“I felt that in the first half we were a bit impatient sometimes, that we didn’t move the ball quickly enough, that our midfielders came a bit deep because we were man-marked. That exposed us a bit to counter-attacking and we had less support up front. In the second half, maybe because they were fatigued as well, our midfielders played higher up and we became straight away more dangerous.”

Our second half display was also helped by two things that settled our obvious nerves: an early goal, and a sending off for Bolton.  First, Van Persie finished superbly from a narrow angle after the referee waived play on when Gervinho was brought down in midfield.  Then David Wheater was dismissed for tugging back Theo Walcott after he’d been played in by an improving Ramsey.

It was a game in which we saw the good and the bad of Walcott.  He showcased his electrifying pace, racing behind the defence to leave Wheater fatally training, and reaching a Ramsey pass to cross for RVP to nudge home his second goal of the game and 100th for Arsenal.  He also showed just why he frustrates, missing a couple of glaring opportunities – one when set clean through by the impressive Alex Song.  On balance it was an effective display, and Arsene will hoping that the knee injury which forced him to limp off is not too serious.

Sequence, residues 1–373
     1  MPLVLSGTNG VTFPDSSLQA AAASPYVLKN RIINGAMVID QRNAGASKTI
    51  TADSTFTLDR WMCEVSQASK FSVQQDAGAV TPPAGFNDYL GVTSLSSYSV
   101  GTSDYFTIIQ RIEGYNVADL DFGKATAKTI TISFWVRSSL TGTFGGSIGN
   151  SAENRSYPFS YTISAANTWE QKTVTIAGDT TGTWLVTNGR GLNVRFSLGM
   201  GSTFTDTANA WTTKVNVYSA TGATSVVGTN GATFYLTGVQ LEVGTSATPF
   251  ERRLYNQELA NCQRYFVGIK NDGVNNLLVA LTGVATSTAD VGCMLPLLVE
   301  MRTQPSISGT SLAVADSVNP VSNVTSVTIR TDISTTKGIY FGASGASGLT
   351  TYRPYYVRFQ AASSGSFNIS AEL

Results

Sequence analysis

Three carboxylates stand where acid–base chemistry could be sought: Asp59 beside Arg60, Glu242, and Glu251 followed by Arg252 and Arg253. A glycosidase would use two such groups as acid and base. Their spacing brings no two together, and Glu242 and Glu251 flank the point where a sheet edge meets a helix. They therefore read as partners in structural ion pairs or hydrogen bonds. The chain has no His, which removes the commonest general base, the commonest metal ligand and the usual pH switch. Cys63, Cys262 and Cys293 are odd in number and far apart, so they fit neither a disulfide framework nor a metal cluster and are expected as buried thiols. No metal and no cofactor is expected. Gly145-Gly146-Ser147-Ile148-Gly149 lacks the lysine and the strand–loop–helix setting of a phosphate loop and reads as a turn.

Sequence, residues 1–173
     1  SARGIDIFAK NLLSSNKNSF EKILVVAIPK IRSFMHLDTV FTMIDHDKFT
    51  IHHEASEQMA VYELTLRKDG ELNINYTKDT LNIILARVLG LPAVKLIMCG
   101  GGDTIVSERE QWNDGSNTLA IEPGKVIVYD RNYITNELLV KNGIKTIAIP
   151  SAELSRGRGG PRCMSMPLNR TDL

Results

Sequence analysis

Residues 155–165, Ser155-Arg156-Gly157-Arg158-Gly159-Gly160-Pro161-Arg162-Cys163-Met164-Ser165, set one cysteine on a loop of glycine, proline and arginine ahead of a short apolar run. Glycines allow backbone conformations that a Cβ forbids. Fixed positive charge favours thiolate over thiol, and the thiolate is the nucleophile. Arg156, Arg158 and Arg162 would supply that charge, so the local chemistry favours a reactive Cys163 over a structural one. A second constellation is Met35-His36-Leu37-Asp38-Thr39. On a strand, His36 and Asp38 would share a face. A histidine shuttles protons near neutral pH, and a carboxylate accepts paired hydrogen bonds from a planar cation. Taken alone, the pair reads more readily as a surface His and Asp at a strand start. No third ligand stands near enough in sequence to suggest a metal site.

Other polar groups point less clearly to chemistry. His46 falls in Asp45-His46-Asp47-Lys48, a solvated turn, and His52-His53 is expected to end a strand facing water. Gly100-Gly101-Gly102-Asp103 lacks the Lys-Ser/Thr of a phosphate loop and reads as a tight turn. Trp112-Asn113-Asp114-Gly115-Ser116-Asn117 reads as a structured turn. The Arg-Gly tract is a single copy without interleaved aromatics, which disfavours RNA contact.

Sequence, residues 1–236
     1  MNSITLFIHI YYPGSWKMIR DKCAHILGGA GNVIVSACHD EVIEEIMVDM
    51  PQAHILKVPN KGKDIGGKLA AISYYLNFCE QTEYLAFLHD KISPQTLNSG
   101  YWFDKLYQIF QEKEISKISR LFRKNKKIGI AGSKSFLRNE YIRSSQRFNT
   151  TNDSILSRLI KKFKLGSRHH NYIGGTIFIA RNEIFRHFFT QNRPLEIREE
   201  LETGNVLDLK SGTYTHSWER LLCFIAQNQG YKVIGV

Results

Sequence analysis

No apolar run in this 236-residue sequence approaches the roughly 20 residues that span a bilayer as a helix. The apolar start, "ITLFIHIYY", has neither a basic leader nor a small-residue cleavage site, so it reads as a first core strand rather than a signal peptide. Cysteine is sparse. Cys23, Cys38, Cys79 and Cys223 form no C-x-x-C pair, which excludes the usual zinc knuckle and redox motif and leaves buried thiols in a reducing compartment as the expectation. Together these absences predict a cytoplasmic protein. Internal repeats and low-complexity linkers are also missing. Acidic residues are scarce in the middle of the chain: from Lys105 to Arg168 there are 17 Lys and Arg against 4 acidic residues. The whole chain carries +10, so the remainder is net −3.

It was that second goal, created by Walcott, that killed the game, and made for a fantastic landmark for Van Persie.  He joins sixteen other Arsenal centurions in passing the milestone, and his pride in doing so will only be tempered by the thought of how many he might have were it not for a succession of injuries.